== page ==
We begin the second leg of our journey at the historic village of Shirakawa-go, which, along with neighboring Gokayama, was designated as a UNESCO World Heritage Site in 1995. Visiting this village is truly like stepping back in time.
The area is famous for the unique houses that can be found here, notably the thatched rooftops. The special architecture is called gassho-zukuri (合掌造り), which means they were built to resemble monks in prayer, but they are not just for decoration. Shirakawa-go is in a region that receives some of the heaviest annual snowfall in the world. These structures were created to handle the weight of the fallen snow as well as insulate the home.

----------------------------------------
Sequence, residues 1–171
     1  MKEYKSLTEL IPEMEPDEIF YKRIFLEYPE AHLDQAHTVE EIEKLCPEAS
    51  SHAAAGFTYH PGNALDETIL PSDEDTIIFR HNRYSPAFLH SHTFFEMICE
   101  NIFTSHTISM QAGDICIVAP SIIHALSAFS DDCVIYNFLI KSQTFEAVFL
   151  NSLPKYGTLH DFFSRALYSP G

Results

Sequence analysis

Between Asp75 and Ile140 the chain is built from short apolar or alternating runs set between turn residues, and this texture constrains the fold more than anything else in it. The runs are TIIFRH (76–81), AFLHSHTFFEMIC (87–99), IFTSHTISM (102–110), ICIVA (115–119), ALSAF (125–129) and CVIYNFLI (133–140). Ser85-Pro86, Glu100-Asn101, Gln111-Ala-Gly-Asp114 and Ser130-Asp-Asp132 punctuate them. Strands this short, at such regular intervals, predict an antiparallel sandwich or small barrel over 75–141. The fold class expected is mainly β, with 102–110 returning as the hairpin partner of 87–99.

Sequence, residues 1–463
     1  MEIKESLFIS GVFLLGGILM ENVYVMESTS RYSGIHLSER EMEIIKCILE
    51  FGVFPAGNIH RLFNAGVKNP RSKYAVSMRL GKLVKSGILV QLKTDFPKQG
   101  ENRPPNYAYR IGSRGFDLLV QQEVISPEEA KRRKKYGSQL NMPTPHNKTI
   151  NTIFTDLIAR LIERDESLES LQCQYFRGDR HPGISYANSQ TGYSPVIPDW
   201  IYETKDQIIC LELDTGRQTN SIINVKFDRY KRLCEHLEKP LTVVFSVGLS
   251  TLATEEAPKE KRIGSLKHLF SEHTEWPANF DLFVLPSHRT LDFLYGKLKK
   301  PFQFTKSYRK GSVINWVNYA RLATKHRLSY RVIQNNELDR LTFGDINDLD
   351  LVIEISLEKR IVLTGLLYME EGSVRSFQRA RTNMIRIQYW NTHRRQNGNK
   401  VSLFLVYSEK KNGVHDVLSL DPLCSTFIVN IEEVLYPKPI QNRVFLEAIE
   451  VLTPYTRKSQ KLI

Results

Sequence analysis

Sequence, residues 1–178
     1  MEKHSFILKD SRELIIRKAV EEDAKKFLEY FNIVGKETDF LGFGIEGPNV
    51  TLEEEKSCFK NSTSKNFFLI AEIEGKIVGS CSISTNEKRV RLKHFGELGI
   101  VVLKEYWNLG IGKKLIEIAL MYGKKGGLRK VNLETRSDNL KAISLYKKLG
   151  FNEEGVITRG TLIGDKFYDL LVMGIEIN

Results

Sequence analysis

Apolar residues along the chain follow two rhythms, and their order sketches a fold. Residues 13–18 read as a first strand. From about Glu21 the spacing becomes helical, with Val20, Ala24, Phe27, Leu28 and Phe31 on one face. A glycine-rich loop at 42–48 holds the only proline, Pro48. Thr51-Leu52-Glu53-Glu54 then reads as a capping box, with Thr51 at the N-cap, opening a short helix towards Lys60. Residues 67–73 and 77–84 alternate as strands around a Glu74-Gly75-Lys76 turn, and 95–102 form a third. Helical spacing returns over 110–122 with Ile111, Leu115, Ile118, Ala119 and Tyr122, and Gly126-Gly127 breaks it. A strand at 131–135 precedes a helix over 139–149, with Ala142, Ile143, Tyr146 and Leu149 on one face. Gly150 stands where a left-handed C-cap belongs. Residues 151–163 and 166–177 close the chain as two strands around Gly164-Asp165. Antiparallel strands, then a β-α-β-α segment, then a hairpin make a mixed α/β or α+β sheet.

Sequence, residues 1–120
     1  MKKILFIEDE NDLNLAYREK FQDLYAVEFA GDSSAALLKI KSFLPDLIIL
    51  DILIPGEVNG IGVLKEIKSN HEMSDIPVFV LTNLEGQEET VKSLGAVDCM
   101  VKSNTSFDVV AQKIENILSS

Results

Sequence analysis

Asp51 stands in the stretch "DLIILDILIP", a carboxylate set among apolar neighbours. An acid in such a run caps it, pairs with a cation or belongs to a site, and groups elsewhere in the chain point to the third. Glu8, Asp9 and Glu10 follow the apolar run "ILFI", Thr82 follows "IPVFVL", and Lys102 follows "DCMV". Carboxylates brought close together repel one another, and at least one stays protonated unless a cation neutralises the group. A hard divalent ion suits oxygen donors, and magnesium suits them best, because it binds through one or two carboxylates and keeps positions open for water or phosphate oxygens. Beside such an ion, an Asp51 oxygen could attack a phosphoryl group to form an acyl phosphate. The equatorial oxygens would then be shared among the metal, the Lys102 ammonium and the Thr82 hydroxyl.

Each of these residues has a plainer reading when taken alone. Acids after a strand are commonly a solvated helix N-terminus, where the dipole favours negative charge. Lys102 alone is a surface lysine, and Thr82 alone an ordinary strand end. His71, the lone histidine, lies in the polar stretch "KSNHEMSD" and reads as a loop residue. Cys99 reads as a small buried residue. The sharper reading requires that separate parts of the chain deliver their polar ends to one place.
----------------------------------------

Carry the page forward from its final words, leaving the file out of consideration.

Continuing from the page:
One thing that's very impressive about these buildings is that the roofs are made without using nails. There are a few farmhouses that will allow you to tour the building or even stay overnight. It's a fantastic opportunity to experience rural life in Japan.
We left the traditional world of Shirakawa-go and got our hands dirty, in a sense, playing with our food! No matter where you are in Japan when you're looking to sate your hunger, chances are there's a shop nearby with realistic displays of the food made inside. These replicas are made at places like Sample Kobo (kobo is Japanese for "workshop"), a factory and shop in the city of Gujo where we can see how treats like tempura are made using wax. Even better, we had a chance to make (and take home) some samples of our own.